Radio Address: Job-killing liberals are blocking Maine’s progress

May 6, 2014

(MP3 Audio)

My administration worked hard this year to reform Maine’s welfare system, but liberals rejected our efforts. They said we should concentrate on job creation. But they rejected those efforts, too.

Hello, this is Governor Paul LePage.

Since we took office, we have made significant progress in creating jobs. More than 17,000 private-sector jobs have been created in Maine. The unemployment rate is the lowest since 2008.

Further, there are almost 8,000 jobs available on the Maine Job Bank.

These are not just minimum-wage jobs at fast-food joints. Job openings range from part-time work to full-time professional occupations. It’s a good start, but we need to do more. We need to attract industries with high-paying careers that can lift Maine’s hard-working families into the upper middle class.

Small businesses are the backbone of our economy. But we must also work to attract the large companies with the kind of good salaries and benefits that will increase the quality of life for Mainers.

Big business is good for small business. Jeffrey Immelt, CEO of GE, said that for every one job GE creates, 8 more are created in the supply chain. Those 8 jobs come from small and medium businesses.

But global competition is fierce. Immelt said GE will do more business in North Africa next year than the United States. GE will sell Algeria $2.7 billion worth of turbines for power plants.

Immelt said the biggest demand in his industry is for engineers and welders. He said states must make sure their schools are focusing on STEM education. We see that kind of need right here in Maine.

Bath Iron Works just announced it will hire 600 more workers to build six Navy destroyers. BIW is creating an onsite training facility to teach new employees the unique skills the shipyard needs. Nearly 6,000 workers in highly skilled occupations will be employed at the shipyard. We need more BIW’s in Maine.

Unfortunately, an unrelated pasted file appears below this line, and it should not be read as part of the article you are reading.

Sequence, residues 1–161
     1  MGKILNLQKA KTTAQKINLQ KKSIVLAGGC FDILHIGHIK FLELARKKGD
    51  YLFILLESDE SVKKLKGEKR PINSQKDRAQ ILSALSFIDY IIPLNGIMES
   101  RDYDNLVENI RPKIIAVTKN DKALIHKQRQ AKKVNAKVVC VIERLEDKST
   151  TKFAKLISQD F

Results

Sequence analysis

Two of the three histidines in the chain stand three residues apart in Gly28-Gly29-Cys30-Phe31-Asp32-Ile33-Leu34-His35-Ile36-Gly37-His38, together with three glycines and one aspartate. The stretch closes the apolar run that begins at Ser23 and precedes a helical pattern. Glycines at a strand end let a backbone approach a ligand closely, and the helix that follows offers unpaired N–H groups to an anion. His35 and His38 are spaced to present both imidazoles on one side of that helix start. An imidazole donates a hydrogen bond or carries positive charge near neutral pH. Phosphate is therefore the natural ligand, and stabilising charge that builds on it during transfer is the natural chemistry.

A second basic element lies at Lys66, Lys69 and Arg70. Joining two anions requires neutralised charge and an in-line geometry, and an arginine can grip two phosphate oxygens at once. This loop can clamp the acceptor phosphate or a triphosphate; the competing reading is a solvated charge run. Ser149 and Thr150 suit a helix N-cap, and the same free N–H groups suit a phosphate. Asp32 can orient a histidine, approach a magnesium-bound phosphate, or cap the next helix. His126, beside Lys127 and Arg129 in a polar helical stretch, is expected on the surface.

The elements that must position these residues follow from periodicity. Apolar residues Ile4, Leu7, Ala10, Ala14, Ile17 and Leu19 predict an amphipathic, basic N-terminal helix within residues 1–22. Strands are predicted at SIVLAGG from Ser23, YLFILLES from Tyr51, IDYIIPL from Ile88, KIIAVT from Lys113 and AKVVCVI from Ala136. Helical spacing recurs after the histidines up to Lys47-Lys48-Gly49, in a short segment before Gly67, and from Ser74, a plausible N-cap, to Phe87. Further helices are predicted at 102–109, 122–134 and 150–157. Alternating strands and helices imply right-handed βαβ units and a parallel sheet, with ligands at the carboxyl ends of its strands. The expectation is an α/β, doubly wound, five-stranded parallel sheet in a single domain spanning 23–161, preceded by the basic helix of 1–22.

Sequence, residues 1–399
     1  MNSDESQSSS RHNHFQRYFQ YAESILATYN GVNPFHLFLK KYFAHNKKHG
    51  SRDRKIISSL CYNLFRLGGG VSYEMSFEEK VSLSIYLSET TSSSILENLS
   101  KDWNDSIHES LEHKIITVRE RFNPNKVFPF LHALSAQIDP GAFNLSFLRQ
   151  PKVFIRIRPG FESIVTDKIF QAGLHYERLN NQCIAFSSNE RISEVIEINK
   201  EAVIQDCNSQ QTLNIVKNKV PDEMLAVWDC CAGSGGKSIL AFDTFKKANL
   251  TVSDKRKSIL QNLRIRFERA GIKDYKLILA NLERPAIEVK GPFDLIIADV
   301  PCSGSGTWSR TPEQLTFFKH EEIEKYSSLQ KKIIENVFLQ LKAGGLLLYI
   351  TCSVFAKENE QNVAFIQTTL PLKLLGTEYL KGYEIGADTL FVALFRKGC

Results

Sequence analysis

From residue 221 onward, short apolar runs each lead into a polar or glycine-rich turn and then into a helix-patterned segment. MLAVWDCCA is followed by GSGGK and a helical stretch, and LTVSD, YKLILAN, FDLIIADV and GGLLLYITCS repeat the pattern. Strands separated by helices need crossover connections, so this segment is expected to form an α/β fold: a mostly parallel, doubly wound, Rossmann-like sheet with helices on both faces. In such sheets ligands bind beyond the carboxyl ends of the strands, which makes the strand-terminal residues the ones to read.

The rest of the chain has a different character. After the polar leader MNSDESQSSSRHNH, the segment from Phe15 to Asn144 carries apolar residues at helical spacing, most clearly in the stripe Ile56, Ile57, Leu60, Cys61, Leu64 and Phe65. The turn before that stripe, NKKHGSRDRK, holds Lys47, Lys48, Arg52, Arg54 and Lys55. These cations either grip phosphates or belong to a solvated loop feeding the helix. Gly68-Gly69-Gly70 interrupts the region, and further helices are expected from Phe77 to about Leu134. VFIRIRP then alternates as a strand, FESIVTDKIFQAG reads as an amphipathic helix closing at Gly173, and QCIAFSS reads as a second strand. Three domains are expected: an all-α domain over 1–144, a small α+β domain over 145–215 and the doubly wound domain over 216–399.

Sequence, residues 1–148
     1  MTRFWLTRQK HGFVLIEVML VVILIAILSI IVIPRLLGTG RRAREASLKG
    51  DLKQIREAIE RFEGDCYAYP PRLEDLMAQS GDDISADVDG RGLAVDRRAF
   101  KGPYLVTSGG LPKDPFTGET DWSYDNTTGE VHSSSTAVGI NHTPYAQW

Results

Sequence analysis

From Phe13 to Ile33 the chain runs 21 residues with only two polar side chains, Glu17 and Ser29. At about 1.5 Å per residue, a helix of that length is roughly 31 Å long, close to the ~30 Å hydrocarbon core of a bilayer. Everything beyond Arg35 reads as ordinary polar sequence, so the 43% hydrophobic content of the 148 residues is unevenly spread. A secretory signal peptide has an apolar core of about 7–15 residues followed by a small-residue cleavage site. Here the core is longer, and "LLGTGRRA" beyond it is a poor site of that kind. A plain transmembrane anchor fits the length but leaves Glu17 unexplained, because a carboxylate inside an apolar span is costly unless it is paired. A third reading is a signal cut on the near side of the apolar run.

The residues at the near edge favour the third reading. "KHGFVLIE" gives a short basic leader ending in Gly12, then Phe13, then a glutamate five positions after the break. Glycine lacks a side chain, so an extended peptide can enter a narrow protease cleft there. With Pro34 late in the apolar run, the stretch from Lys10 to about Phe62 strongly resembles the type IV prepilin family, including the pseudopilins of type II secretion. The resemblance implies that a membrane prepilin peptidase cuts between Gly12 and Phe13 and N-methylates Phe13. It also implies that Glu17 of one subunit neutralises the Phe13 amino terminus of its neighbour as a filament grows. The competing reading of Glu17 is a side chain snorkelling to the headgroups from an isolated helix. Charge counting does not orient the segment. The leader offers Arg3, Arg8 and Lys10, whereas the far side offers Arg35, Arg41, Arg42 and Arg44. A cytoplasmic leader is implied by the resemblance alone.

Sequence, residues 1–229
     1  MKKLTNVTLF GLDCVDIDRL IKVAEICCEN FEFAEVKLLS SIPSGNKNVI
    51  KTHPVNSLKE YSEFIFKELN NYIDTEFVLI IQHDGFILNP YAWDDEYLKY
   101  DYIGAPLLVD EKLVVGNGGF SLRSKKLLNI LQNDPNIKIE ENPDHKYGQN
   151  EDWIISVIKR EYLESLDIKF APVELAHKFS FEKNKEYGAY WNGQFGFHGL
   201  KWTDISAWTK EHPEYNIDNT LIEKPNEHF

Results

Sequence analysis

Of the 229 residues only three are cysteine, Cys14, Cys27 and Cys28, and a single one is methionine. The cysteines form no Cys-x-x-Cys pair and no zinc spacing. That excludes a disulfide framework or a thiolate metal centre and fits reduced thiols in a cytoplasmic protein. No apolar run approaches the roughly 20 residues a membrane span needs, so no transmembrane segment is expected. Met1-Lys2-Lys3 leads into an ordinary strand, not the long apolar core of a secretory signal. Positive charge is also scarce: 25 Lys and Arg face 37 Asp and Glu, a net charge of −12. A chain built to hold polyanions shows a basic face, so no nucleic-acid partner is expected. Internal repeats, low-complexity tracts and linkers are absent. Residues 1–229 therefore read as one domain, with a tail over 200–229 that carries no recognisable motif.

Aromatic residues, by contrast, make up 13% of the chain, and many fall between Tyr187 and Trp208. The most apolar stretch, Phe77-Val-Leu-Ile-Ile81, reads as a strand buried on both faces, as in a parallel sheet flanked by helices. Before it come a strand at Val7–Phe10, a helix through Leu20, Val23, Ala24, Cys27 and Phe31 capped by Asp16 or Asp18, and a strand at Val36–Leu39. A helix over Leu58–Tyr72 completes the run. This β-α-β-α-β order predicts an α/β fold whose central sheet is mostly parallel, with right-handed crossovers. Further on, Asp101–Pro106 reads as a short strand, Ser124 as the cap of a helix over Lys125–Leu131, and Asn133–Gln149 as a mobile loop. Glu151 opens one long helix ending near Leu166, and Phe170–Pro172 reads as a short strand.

That’s why my administration proposed Open for Business Zones, which would have provided incentives for big businesses to come to Maine and provided a large amount of work for sub-contractors within the supply chain.

When I traveled to North Africa a couple of weeks ago, I saw the success of Morocco’s Free Trade Zones. Morocco has attracted major foreign investment with a simplified tax structure and an aggressive plan to trade with Europe, the U.S. and China.

Within a five-year period, they have attracted 500 companies and thousands of jobs. They now have a world-class port at the mouth of the Mediterranean.

We know what we must do to attract big companies and high-paying careers to our state. Maine will be left behind in the global economy if we do not become more competitive. Job-killing liberals are blocking our progress. They want to grow welfare. We want to grow the economy. That’s why we will keep working to attract investment and business.

Mainers deserve the good-paying careers they will bring—not just for the next election, but for the next generation.